Musings on the Vine
Musings on the Vine
Musings on the Vine Musings on the Vine
Musings on the Vine
Musinings on the Vine Musinings on the Vine Musinings on the Vine
Musings on the Vine
Musings on the Vine

Visual Clues and Aging Potential

Because the aging process of wine is one in which chemical and enzymatic reactions act to diminish various flavor components in the wine, the amount of liquid contained in a wine bottle can have an effect on the process.

For instance, the more liquid present in a larger format bottle (1.5L) means that it will take longer for the various reactions to influence the wine’s taste. Therefore, larger format bottles age more slowly than standard format (750ml) or even smaller format (500/375ml) bottles.

Bottle fill is important because the fill, or ullage (the distance between the bottom of the cork and the top of the liquid level in the bottle) of the bottle is an indicator of the amount of oxygen present in the bottle, which in turn will greatly influence the aging of the wine. Less fill, or more ullage means that more oxygen is present within the bottle.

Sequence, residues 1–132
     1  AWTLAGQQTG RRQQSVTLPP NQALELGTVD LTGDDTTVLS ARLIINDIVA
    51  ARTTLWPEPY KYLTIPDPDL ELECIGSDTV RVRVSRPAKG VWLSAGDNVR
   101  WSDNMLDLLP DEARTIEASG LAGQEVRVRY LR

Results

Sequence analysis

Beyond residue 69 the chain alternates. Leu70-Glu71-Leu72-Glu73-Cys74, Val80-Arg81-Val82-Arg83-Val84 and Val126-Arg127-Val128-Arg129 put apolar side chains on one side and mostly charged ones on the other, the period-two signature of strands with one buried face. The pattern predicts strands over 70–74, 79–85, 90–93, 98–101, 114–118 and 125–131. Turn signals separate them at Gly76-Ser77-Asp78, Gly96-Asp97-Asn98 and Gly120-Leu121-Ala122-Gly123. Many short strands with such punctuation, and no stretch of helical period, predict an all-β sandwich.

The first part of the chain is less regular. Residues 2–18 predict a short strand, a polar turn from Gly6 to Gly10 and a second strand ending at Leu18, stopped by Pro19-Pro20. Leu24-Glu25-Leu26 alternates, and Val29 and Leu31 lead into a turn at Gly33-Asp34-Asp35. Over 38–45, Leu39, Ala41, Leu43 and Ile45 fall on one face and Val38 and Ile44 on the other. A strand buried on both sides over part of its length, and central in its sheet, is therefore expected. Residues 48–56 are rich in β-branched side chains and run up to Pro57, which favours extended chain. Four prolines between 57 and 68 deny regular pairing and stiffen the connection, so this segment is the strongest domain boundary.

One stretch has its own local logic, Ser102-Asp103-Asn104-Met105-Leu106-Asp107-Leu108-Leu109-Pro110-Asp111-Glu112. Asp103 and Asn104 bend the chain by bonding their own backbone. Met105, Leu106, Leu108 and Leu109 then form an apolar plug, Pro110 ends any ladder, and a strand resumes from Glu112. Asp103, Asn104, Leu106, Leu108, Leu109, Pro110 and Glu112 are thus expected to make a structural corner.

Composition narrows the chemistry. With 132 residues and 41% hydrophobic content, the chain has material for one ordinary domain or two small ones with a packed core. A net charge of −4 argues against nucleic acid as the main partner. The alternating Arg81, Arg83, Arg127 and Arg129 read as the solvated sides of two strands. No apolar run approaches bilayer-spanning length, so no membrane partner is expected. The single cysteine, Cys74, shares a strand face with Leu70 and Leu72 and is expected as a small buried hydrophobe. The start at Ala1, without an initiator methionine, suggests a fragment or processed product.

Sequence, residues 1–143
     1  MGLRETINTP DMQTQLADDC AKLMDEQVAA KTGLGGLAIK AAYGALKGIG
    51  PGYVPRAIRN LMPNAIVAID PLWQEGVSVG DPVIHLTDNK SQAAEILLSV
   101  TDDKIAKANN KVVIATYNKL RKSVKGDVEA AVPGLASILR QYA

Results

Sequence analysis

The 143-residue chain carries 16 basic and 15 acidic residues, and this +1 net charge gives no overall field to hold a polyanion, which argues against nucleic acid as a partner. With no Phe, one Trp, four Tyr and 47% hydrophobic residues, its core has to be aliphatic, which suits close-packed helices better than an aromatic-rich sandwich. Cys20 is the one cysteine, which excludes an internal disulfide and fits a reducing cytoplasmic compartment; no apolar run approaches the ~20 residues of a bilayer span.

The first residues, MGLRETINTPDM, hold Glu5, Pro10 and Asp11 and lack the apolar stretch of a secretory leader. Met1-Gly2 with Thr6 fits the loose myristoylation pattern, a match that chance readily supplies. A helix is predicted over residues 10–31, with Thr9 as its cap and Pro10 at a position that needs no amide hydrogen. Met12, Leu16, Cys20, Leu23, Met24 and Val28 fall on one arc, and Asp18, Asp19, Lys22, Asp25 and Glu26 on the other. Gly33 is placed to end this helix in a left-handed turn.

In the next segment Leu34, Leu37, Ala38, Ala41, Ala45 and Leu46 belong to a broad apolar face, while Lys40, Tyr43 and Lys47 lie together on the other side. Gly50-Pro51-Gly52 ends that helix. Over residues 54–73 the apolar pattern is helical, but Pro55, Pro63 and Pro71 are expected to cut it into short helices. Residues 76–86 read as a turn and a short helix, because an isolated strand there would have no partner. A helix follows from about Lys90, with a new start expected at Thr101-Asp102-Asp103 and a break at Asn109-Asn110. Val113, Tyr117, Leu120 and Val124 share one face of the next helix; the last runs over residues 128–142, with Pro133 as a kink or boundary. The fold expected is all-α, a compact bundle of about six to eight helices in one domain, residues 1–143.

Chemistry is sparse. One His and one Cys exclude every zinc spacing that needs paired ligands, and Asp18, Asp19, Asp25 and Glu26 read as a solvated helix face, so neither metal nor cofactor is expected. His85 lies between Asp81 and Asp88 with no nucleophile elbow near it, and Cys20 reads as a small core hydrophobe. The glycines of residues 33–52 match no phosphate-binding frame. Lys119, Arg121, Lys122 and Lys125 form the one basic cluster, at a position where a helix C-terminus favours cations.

Oxygen poses the greatest threat to properly aged wine, since too much oxygen can greatly accelerate the aging process. Too much ullage, marked when the fill of the bottle is below the midpoint of the shoulder of bottle (the shoulder is the upper curved portion of the bottle just beneath the neck of the bottle) is also a sign that the bottle has probably seen dramatic and rapid temperature changes during its storage, which can also act to prematurely age, or even spoil fine wine.

Next: Storage and Aging Wine >

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